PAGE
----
You know what a society is by knowing who’s outside it. By their freaks you shall know them, you might say. Bernard Pomerance’s “The Elephant Man,” at Venice Theatre introduces us to John Merrick, a deformed man whose very existence challenged late Victorian society to its core.
The facts are these: Joseph “John” Merrick, (1862 to 1890) suffered from a congenital abnormality resulting in bony protuberances, an oversized, gourd-shaped head, a withered right arm and skin resembling leathery cauliflower. A freak show promoter exploited his elephantine appearance and exhibited him as “The Elephant Man,” then ultimately robbed and abandoned him. Dr. Frederick Treves, the eminent surgeon, rescued Merrick and kept him for a time at London Hospital. He became a darling of high society and built an amazingly intricate model cathedral. Merrick’s happiness was brief. He only had a few years to live.
Pomerance’s play (not the basis for David Lynch’s movie) uses these bare facts to investigate both Merrick’s life and the society in which he lived. Merrick is the quintessential outsider; his deformities function as a weird funhouse mirror. Unrefined people see his freakishness. They gawk and feel superior — or try to hunt him down. Scientists see their own impotence: They have no idea what’s causing his condition or how to treat it. People of faith see a modern-day Job. An actress sees a fellow human being whose appearance is also a commodity. In an odd way, they’re both in show business.
Peter Ivanov’s direction unfolds Pomerance’s sometimes witty, sometimes heartbreaking script in a series of vignettes punctuated by ironic titles on video monitors. It’s a sympathetic look at the man, not a freak show.
Matt McClure is powerful as Merrick. He conveys his character’s abnormalities through performance alone without the aid of appliances or makeup. It’s brilliant physical acting worthy of Lon Chaney — and an equally brilliant characterization of a man of faith whose faith is tested to the limits. Steven O’Dea’s Treves is a man of science — and a rationalist, atheist and skeptic. He’s Merrick’s protector — compassionate and supportive but occasionally patronizing. In one revealing scene, Treves forces Merrick to complete a catechism about obeying society’s rules “for his own good.” But who’s fooling whom? In his heart, Treves believes the rules are mere tools of social order and not always for the good of those who obey. He knows that having “The Elephant Man” at the hospital brings notoriety and donations. Treves’ conscience pricks him with that guilty knowledge: Is he running a glorified freak show? Is he any better than Ross, Merrick’s original keeper? The answer is yes. Ross is a loathsome individual, though fully human, as played by Rik Robertson. Neil Kasanofsky is also multidimensional as Carr Gomm, the hospital administrator, who, like Treves, fully grasps the moral gray zone he’s entered. Kelly Woodland’s actress character, Mrs. Kendall, gets closest to Merrick’s humanity. She sees through mere appearances because she’s in the business of appearances.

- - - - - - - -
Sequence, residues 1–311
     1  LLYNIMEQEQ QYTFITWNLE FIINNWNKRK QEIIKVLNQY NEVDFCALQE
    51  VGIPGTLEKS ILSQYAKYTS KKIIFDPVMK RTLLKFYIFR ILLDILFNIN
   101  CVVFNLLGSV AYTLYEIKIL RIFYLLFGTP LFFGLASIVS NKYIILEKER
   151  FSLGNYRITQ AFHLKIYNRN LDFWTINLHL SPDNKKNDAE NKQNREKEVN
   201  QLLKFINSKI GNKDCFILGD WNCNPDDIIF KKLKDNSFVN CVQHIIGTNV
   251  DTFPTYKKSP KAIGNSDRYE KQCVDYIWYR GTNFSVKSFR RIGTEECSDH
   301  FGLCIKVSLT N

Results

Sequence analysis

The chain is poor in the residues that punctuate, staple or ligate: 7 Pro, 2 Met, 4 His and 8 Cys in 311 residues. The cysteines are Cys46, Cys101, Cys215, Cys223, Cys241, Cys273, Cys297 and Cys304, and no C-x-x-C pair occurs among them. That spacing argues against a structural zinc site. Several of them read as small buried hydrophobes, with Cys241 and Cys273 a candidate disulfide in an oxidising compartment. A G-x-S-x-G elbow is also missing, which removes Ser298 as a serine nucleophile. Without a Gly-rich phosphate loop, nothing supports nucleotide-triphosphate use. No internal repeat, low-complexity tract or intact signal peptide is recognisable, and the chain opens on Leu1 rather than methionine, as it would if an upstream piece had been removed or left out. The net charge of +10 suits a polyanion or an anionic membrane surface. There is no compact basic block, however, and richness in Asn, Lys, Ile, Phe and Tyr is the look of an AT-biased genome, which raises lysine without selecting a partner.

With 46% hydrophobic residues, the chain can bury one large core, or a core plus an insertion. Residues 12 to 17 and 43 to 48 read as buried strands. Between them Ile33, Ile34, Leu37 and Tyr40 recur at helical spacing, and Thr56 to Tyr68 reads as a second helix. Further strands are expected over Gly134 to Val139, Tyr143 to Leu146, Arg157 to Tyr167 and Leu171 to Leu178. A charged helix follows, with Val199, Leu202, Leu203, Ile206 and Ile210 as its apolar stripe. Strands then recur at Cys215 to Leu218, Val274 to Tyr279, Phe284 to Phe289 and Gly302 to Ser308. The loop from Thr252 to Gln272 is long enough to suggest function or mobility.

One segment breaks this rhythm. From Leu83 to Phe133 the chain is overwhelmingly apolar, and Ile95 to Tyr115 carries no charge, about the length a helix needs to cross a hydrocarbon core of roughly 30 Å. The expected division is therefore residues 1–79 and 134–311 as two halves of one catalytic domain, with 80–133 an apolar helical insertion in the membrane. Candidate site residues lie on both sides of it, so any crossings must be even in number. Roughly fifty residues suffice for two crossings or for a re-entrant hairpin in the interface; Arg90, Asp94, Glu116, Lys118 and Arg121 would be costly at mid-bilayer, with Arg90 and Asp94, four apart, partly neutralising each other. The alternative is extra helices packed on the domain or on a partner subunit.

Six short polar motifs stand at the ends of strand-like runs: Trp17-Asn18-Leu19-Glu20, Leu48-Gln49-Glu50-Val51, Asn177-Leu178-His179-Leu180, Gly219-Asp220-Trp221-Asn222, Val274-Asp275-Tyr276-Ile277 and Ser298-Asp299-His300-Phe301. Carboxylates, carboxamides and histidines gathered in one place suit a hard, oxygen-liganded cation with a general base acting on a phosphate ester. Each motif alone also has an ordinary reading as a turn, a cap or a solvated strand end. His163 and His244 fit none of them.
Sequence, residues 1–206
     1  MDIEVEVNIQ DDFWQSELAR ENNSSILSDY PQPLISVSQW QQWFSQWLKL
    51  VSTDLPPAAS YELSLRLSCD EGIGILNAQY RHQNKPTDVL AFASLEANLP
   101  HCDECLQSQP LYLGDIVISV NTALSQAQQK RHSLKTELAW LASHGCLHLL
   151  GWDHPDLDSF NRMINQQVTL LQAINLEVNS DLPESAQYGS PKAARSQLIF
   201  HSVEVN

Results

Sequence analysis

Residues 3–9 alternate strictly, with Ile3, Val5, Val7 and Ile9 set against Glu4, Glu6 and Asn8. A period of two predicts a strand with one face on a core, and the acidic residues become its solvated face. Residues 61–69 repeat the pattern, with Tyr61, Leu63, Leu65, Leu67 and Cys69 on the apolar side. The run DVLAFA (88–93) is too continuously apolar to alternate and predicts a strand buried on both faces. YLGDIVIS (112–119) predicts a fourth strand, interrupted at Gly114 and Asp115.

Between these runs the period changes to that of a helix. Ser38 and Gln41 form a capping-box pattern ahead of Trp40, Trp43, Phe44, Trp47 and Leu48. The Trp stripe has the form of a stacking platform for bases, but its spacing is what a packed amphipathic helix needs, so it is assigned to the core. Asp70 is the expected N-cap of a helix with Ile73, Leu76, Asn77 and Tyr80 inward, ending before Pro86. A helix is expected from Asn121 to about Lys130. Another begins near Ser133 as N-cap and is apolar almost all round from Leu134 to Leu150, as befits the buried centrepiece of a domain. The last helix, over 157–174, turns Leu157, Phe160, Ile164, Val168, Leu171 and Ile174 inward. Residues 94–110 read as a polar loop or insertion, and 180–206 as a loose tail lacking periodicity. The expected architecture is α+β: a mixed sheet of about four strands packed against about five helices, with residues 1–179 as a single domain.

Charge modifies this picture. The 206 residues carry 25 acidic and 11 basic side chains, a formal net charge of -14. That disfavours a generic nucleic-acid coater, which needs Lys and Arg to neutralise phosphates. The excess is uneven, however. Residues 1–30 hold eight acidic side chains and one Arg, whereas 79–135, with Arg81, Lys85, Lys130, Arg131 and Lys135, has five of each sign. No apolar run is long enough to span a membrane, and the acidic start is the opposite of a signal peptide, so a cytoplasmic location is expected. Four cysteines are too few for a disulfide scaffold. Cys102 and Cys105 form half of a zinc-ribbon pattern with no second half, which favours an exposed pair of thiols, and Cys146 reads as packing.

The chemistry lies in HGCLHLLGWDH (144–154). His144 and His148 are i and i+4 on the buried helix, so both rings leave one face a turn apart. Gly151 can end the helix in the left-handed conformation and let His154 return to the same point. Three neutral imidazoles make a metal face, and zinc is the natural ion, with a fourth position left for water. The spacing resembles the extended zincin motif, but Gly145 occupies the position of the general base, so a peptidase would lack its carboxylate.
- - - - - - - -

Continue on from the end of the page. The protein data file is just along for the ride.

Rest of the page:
Supporting actors Angela Bernardo, Dan Cavanaugh, Charlotte Crowley, Jenny Elliott, Gary Grossman, Patrick Taney and Allyson Robertson are also effective, in performance styles ranging from nuanced to Grand Guignol. Kudos to all!
It’s a moving play, which moves from a fairly straightforward first act to magical realist territory in the second. The technical team of set designer Pete Sayer, lighting designer John Andzulis, costume designer Becky Evans and sound designers Dorian Boyd and Kitty Leonowicz nicely evokes the mercurial mood.
Does this strange episode from the 1880s still speak to us today? You’d better believe it.
Today’s society lacks the Victorians’ black-and-white moral code. The cult of appearance is our new dominant religion. To be fair, we’re more tolerant of the disabled now. But that official tolerance is skin deep.
We still have our freak shows, sometimes disguised as reality television. Today, Merrick might be the star of one. We’d invite him into our living rooms every week … but he’d remain the ultimate outsider.
IF YOU GO
“The Elephant Man” runs through May 11, at Venice Theatre, 140 W. Tampa Ave. Call 488-1115 or visit venicestage.com for more information.
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